Butternut Squash Tart with Goat Cheese
The flavors of this dish warm you up from the richness that fall flavors bring. Squash, apples, sage, toasted walnuts & goat cheese make for a super team of compatriots charging into your stomach fighting Fall hunger. I originally made this dish with feta instead of goat cheese, but it did not stand up to the other flavors after being cooked. Goat cheese does. But of course you can swap ingredients as you desire. Sage, thyme and rosemary are all swingers, who can change partners and compliment each other well. And well, walnuts, pine nuts and almonds fit within the same category, as long as no one has an allergy where you may be unknowingly serving their last meal......
Butternut Squash Tart with Goat Cheese
130 g phyllo dough (6 sheets)
200 g fresh goat cheese (no skin around it)
100 ml cream (or soy cream)
1 egg yolk
350 g butternut squash slices
40 g raw walnuts (or other nut of choice)
5 g sage leaves (about 8 lrg.)
2 green apples-peeled & cubed
20 g sweet onion-finely chopped
8 t olive oil
2 T calvados or cognac
2 pinches of dried thyme
First things first, using phyllo dough has one tricky element to it, and that is, it gets dry really fast. So, when using it, take it out of the fridge/package at the last minute, work fast and cover it with a damp towel to protect the sheets that are unused while forming your layers of tart dough.
In a cuisinart or magi mix, place the goat cheese, cream and s&p. Mix the machine until it is all combined and smooth. Add the egg yolk and pulse the machine just to incorporate it slightly. Scoop into a bowl & set aside.
Boil a small pot of water. You will be blanching the squash in it.
Grab your butternut squash and cut widthwise through it at the point where the neck and the rounder part meet. You will be using the meat from the neck because you can cut thin sheets out of it, which will fill the inside of the tart better. I removed the skin from mine, but you can technically leave it on. It has great nutrients and it will be cut so thinly that you won't even notice it. Cut rounds from the neck of the squash that are just a little thicker than 1/2 cm (1/4 of an in.) Once you have about 350 g of it, stop. It should be just enough to fill this tart form.
In the boiling water, drop some salt & the squash in and cook on a simmer for 3 minutes. It needs to be soft, but not all the way cooked through. Remove from the hot water and cool off immediately with cold running water until it is no longer warm. This stops it from cooking any farther. drain and set aside on some paper towels to dry off a bit.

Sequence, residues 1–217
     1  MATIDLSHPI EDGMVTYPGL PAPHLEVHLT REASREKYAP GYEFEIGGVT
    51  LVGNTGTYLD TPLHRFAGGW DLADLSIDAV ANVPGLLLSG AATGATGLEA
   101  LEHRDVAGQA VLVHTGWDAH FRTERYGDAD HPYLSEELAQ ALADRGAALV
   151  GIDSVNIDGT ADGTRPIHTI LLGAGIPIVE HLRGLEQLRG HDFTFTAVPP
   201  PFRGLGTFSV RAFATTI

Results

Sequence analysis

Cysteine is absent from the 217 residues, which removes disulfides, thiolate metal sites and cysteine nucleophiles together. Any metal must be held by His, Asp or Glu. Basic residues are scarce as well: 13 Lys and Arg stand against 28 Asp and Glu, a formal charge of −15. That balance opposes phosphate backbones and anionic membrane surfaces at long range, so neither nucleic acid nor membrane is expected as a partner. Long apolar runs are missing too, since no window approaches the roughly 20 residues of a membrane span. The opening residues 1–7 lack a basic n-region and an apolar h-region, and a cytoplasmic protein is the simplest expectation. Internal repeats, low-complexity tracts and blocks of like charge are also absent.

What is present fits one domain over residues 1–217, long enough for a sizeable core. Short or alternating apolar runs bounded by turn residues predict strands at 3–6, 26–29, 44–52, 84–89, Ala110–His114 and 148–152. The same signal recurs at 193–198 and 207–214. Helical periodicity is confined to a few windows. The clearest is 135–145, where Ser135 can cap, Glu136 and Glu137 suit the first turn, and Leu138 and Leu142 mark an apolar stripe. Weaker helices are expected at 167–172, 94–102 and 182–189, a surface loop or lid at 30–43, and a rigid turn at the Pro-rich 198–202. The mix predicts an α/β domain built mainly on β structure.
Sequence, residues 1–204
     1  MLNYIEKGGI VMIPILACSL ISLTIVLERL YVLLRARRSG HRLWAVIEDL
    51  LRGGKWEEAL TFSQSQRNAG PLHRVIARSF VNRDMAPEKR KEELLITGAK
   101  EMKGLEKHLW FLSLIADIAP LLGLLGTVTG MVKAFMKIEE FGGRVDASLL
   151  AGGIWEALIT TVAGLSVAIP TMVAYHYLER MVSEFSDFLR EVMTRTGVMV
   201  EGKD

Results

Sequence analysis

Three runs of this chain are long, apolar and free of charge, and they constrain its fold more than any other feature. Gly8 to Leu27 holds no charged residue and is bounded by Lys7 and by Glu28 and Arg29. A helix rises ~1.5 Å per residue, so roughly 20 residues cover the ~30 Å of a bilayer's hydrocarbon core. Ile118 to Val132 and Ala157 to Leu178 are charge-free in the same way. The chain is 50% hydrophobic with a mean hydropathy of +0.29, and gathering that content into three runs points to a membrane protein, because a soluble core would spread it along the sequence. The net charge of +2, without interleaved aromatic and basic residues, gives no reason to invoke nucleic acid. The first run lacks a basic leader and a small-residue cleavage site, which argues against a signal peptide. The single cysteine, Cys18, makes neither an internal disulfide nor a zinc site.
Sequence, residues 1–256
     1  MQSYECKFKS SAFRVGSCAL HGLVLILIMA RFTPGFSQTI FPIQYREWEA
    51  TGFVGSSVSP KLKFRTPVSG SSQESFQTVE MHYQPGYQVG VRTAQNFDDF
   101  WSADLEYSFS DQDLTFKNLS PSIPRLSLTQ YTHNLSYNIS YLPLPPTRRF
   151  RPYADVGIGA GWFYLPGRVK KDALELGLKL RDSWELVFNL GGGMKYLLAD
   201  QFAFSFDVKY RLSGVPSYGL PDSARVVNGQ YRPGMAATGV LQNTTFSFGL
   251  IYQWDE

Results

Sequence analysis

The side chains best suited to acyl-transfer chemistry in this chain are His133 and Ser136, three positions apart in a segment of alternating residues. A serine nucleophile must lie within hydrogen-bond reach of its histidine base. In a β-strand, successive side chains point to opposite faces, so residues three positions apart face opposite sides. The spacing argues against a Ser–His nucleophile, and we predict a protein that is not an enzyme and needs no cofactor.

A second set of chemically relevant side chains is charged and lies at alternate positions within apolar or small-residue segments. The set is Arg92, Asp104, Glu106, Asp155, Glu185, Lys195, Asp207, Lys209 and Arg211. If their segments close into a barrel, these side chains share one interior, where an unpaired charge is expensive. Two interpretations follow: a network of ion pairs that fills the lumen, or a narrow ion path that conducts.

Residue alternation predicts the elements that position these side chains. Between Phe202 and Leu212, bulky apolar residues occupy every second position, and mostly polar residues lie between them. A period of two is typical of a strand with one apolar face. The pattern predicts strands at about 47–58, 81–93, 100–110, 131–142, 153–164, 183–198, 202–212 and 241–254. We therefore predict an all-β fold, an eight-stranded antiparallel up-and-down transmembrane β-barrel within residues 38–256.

Turn your oven to 200 C (390 F)
Grab a baking tray that is long and flat, cover it with parchment paper, so you have room to work and fold this dough into its form. Get your dough out of the fridge, unroll it and set one of the sheets on the tray with parchment paper. Cover the remaining sheets of phyllo dough with a damp towel. You will be spreading out 1 t of olive oil per sheet with a pastry brush. Do this GENTLY. Phyllo dough is like a fragile person. "Handle with care". When one sheet is all smeared in, set a new one atop the previously smeared sheet making 6 layers in total.
Next, scoop almost all of the goat cheese cream into the middle of the phyllo trying to keep it in the form of a long rectangle. This leaves room on all four sides to fold in the ends. About 4 cm or 1.5-2 inches of space should be folded over in the end. (See photo below...) You want to have 3-4 tablespoons left over of the goat cheese cream for the drizzle on top.
Next add the squash in two, long rows. Within each row, the pieces should slightly overlap each other. Drizzle the rest of the goat cheese cream on top. Break your walnut pieces and sprinkle over the squash. Repeat with the thinly-sliced sage. Salt & pepper the top. Then, on the longer sides of the dough, fold the edges over gently. Repeat with the shorter sides. Place in the oven for 20-30 minutes, or remove once golden brown.
While the tart is baking, you will be making the apple compote. Peel & core the 2 apples. Chop them into small cubes. In a hot pot (medium heat) with 1-2 t oil, cook your chopped onions for about 3 minutes with a lid. Then add the apples & thyme and cook for about 3 minutes on a simmer with a lid, stirring a few times and letting any condensation on the lid to drop back into the pot. Next add the calvados. Calvados is alcohol made from apples from the north of France, so it makes sense to use this. But cognac will work as well. Cook with a lid until the apples get soft and break down when smashed around the pan from being stirred. Add a little s&p, turn off the heat and keep for plating.
If you are serving this as a meal in itself this tart will serve two people, generously. But you can also serve it as an entrée (first course in French) with a salad and it will serve four people well. By each portion, a little of the apple compote should be served atop.
Give it a try!